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Stratus Update: Federal Circuit Affirms TTAB Refusal to Register Telecoms Mark

The US Court of Appeals for the Federal Circuit affirmed a US Patent & Trademark Office (PTO) Trademark Trial and Appeal Board (TTAB) refusal to register the mark STRATUS over the existing registration for STRATA, finding a likelihood of confusion between the two marks. Stratus Networks, Inc. v. UBTA-UBET Communications, Inc., Case No. 19-1351 (Fed. Cir. Apr. 14, 2020) (Reyna, J.). Stratus Networks, a telecommunications provider, filed an application at the PTO seeking to register its STRATUS mark: UBTA-UBET Communications, also a telecommunications provider, owns a PTO registration for its STRATA mark: UBTA opposed Stratus’s application for the STRATUS mark based on a likelihood of confusion with its registered STRATA mark. The TTAB found a likelihood of confusion and refused registration of the STRATUS mark. Stratus appealed, arguing that the two marks had coexisted for more than six years without confusion. The Lanham Act bars the registration of...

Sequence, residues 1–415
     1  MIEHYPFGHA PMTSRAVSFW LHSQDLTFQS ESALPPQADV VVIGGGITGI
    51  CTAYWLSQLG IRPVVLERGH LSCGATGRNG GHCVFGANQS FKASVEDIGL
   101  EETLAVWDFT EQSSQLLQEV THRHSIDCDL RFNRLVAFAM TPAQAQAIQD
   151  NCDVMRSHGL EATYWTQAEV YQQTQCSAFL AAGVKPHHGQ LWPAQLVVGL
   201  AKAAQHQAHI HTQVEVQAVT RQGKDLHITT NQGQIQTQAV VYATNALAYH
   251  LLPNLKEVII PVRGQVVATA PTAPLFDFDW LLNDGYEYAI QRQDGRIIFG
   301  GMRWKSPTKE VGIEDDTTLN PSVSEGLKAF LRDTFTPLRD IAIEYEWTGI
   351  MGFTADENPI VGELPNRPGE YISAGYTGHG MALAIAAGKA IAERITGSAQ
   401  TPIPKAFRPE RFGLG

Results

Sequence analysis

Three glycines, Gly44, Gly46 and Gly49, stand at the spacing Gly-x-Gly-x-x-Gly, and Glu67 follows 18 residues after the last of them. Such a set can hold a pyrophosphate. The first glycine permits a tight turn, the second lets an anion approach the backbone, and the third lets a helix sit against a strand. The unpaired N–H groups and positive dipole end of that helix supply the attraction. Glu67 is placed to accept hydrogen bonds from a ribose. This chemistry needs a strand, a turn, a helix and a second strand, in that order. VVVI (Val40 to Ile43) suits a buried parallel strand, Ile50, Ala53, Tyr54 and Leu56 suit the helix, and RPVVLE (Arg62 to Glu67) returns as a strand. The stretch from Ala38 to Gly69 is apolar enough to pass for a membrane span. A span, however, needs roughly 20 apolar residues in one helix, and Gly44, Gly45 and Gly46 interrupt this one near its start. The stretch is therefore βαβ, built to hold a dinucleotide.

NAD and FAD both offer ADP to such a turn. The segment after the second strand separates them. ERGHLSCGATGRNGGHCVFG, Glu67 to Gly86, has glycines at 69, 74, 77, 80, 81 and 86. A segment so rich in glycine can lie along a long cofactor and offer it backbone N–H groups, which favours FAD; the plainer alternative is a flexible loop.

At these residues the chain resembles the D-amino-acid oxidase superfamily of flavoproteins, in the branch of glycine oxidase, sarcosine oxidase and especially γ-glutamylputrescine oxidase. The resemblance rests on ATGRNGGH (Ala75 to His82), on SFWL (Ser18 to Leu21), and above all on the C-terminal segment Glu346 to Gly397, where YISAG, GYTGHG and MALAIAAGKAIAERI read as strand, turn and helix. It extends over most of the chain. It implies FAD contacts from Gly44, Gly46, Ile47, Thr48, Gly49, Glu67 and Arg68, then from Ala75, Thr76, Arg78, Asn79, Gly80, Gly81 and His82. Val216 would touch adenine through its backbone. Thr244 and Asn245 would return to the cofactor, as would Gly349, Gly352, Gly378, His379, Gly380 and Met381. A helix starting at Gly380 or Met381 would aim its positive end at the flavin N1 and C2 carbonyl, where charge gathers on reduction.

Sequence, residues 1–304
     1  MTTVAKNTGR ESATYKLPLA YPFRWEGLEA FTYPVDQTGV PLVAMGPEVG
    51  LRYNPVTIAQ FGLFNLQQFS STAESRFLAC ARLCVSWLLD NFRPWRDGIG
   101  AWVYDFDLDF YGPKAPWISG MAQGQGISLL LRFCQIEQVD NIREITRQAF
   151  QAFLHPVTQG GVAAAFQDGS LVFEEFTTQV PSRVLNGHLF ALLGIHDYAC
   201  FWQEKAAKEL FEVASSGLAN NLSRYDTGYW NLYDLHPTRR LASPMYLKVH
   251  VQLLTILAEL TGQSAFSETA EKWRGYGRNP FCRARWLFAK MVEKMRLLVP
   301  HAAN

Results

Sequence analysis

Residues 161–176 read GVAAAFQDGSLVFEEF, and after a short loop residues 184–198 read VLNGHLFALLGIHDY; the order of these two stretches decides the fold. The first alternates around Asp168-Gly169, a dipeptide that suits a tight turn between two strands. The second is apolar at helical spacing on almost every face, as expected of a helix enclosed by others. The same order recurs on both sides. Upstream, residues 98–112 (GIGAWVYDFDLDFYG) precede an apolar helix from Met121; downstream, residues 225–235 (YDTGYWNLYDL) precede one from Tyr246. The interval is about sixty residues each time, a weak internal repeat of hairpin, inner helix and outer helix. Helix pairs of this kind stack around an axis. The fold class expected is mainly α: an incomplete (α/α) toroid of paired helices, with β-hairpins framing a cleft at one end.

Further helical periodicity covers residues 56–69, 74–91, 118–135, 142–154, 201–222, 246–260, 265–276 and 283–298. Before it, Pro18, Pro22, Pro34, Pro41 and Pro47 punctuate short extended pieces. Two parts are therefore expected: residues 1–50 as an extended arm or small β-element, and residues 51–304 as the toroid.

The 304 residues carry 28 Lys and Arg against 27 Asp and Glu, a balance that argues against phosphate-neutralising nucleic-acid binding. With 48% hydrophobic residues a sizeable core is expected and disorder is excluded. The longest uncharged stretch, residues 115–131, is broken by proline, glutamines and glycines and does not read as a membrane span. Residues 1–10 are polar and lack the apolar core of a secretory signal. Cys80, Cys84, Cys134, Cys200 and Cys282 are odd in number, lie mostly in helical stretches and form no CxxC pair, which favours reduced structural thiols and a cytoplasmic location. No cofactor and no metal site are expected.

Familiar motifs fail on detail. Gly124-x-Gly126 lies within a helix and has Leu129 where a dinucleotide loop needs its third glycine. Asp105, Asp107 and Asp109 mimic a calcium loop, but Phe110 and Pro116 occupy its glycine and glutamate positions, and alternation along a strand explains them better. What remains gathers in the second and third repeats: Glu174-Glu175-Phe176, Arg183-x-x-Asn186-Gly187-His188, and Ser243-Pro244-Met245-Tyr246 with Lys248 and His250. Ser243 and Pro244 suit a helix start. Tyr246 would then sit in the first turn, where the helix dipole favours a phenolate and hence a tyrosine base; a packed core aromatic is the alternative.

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No Disgorgement When Injunction is Sufficient Remedy

Addressing issues related to the disgorgement of profits and attorneys’ fees in a trademark infringement lawsuit, the US Court of Appeals for the Eighth Circuit affirmed a denial of such fees and profits. Safeway Transit LLC and Aleksey Silenko v. Discount Party Bus, Inc., Party Bus MN LLC, and Adam Fernandez, Case No. 18-2990 (8th Cir. Apr. 6, 2020) (Smith, J.). In 2000, Alex Fernandez started Party Bus MN, which was the first party-bus company in the Twin Cities region. In 2004, Fernandez formed Discount Party Bus Co., LLC (DPB).  Fernandez also used the names “Rent My Party Bus” and “952 Limo Bus” in print advertising before 2008. In September 2008, Aleksey Silenko formed Party Bus MN LLC and registered the domain name partybusmn.com. A month later, Silenko changed the name of the company to Safeway Transit LLC and registered the domain name rentmypartybus.com. From 2008 to 2015, Safeway displayed decals reading “Rent My Party Bus,” “952 Limo Bus” and...